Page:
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Computing heritage
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remembering the early days of computing and the Internet
remembering the early days of computing and the Internet

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So Norway was the start of the internet in Europe, apparently... I did not know that before.

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December 9th turns out to be an auspicious date for computing mothers.   It's not just the birthday of Grace Hopper -- nicknamed "mother of COBOL" (although to be strictly accurate it was Flowmatic) who gets a long overdue Doodle... it's also the anniversary of the "mother of all demos" by Douglas Engelbart. 

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Sorry for radio silence, I have sadly been tied up on non computing history stuff :(   However... others have continued in my absence. Not least in Poland where they've done a whole project around Polish computing pioneers with a timeline and posters and even lesson plans t encourage teachers to highlight the local heroes to their students

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I love this story: a group of Austrian students built mainland Europe's first fully transistorised computer ... using transistors designed for hearing aids :)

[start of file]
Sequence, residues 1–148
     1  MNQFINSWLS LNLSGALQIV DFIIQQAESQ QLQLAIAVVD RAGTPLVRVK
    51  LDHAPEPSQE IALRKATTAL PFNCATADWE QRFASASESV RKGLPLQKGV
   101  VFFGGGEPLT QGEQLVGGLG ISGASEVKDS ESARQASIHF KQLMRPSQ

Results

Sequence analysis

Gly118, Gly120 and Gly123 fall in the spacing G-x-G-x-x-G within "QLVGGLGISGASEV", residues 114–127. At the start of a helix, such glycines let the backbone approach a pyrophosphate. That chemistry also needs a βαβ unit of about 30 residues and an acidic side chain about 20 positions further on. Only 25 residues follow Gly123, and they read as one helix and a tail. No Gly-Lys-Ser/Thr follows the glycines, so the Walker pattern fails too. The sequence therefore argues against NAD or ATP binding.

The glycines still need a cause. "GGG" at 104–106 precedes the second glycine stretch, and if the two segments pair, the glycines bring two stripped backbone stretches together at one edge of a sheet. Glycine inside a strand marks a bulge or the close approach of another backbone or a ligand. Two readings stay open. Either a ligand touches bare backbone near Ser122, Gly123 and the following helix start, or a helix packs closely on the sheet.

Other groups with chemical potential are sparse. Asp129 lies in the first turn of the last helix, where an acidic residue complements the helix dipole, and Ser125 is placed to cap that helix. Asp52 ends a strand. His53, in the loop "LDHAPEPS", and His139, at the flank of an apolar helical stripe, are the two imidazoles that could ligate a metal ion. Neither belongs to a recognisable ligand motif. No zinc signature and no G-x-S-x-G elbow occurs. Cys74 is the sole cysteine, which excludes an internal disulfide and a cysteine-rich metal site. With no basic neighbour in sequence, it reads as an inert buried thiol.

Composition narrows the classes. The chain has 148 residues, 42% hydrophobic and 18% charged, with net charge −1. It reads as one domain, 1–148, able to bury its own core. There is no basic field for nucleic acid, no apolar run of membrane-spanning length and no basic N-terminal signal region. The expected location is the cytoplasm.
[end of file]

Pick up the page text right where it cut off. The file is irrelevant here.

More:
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It's always great to spend time at Bletchley Park but last Saturdaywas special -- I got to meet some of the early pioneers and also we launched a brilliant new gallery at +The National Museum of Computing  It was a mammoth effort to get done in time and I know they worked into the wee hours on it, but it was SO worth it.  Thanks everyone who pitched in and helped :)

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I recently had the privilege to meet Dame Stephanie Shirley, in the process of making this film.  She's one of the most inspiring people I've ever encountered.  This film focuses on just one part of her story -- what she did afterwards beyond computing is just as amazing.  Her biography "Let IT go" is a brilliant read, if you want to find out more. 

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Another surprising discovery.. the first woman to get a PhD in the US in computer science was a catholic nun.  Seriously.  Sister Mary Kenneth Keller got hers in 1965.  Dartmouth College broke their 'men only' rule for access to the computer centre so she could study there!  http://firstcomputersciencephd.blogspot.co.uk/

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One of the projects I'm working on at the moment is researching the roles of women in the early days of computing.  The more I dig, the more I'm finding there's a surprising number.  For example, here's a great profile of Margaret Butler who worked at Argonne National Laboratory

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I'm researching stories of women in computing and just came across this 1999 article: "When Computers Were Women" relating to the ENIAC programmers.  It's a little academic-ey in tone but there's some great detail 
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